The Final Countdown

I received the Teloyears test kit to measure my starting telomere length.

We are in the final anticipatory stretch before my epic journey commences.  I think I have prepared as well as possible, though I am quite sure I’ll have to make adjustments as I progress.

My Telomere’s test kit arrived today. I have received all the vitamins I will be taking with the exception of the  multivitamin.  Wheatgrass is growing on my balcony.

I also built a two foot by two foot box in which to grow a larger quantity of wheatgrass.   I may have to build another box because apparently it takes a large quantity of grass to get any juice.  As you can see in the photos below, I only got about a half ounce of wheatgrass juice from a fully grown single container.  I intend to start with one full ounce of juice each morning.

Wheatgrass juice is definitely one of the top five most disgusting things I have ever tasted.  I would have spewed it all over my kitchen cabinets had I not had a Monster within reach to chase it down.  Prior to drinking it, I had thought that it would make perfect sense to feed wheatgrass to livestock because it is so healthy and it grows so quickly.  I now realize why that is not done; the cows, pigs, chickens, and even goats probably refuse to consume it because it is so gross!I think I have finally determined exactly what data I will be collecting.   I have broken it down for digestibility into Sleep Data, Body Data, and Activity Data.  In addition to documenting my Telomere length, it is also most especially important to track the ten Biomarkers of Aging, which are:

 

  1. Lean Body Muscle Mass
  2. Strength
  3. Basal Metabolic Rate
  4. Body Fat Percentage
  5. Aerobic Capacity
  6. Blood Pressure
  7. Insulin Sensitivity
  8. Cholesterol/HDL Ratio
  9. Bone Density
  10. Body Temperature Regulation

The USDA Human Nutrition Research Center on Aging at Tufts University is the source of these ten particular biomarkers.  While I do not have the ability to precisely track all of them, I can roughly track most of them with the exception of Body Temperature Regulation.  I do, however, expect this biomarker to improve remarkably because of the cold training I will be performing as it relates to The Wim Hof Method.   Regardless, I believe each and every measurable biomarker will dramatically improve.   Even if I fail to lengthen my Telomeres, I will, nevertheless, arguably be biologically younger if I improve these Biomarkers of Aging.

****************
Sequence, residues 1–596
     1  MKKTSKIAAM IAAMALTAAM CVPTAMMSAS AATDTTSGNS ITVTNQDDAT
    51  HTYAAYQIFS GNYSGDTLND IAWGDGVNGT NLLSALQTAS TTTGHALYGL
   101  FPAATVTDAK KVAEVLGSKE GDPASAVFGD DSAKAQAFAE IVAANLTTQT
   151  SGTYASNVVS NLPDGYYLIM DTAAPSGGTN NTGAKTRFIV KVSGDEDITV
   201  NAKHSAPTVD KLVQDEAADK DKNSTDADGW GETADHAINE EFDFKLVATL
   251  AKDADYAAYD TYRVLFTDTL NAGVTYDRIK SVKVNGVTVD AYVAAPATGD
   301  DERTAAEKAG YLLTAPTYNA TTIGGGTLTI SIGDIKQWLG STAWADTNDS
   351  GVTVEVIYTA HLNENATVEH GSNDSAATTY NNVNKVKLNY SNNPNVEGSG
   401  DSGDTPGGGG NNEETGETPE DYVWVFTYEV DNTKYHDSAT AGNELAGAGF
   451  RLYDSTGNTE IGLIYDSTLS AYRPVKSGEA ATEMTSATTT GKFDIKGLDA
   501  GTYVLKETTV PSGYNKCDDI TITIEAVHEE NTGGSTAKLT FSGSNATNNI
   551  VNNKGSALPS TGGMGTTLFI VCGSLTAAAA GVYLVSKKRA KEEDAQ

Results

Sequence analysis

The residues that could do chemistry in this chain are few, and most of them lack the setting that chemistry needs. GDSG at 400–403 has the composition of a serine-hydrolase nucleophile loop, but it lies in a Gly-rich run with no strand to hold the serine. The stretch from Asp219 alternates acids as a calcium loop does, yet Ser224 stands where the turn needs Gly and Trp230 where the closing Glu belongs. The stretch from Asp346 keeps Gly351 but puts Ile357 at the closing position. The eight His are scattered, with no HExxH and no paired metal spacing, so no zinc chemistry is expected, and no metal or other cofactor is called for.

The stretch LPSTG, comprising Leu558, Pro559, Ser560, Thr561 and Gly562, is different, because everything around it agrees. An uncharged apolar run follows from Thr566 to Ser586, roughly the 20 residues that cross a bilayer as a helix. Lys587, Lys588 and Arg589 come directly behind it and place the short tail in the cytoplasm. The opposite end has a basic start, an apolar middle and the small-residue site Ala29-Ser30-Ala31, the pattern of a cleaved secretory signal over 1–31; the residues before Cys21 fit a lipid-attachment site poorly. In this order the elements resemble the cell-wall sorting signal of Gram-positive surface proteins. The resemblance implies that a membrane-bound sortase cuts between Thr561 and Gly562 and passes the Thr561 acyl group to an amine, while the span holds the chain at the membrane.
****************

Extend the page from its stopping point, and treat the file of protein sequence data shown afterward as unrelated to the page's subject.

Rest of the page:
I am calculating Basal Metabolic Rate by taking the calories fitbit says I am burning while sleeping (currently 6 per typical five minute block of time) and multiplying it by 12.  Consequently, my current BMR is 72 per hour, giving me a daily BMR of 1,728, slightly better than the average male at 1,662 calories.

I am calculating Aerobic Capacity by using Fitbit’s Cardio Fitness Score, which it claims is the same as VO2 Max.  I am not convinced it is particularly accurate, but it will be a useful tool to track trends.

I initially resisted it, but have decided to not only begin regularly using Lumosity, but to also track my Lumosity Performance Index (LPI).  My daily LPI score will go in the Activity Data Spreadsheet.  “Spark,” by John J. Ratey, MD with Eric Hagerman, is a book I am presently 150 pages into that convinced me to reconsider using and tracking Lumosity.  This is yet another fascinating book in which the author argues that exercise has a profound effect on both cognitive abilities and mental health.  He relates studies which show exercise is more effective at treating depression than Zoloft and that exercise has been shown to stave off Alzheimer’s disease in rats.  He makes compelling arguments that regular exercise can help people with all sorts of conditions including Parkinson’s, dementia, depression, anxiety, ADHD, and even addiction.  “Spark” has convinced me that my exercise regimen will not only grow my body’s muscles, it will also grow my brain with new brain cells and a brain that works more powerfully and efficiently.  Of course, I must feed my brain the right nutrients and properly exercise it.

Few things are as exciting as realizing how to live one’s life with purpose. I have discovered something far more important than myself and intend to give it everything I’ve got to give.


Leave a Reply

Your email address will not be published. Required fields are marked *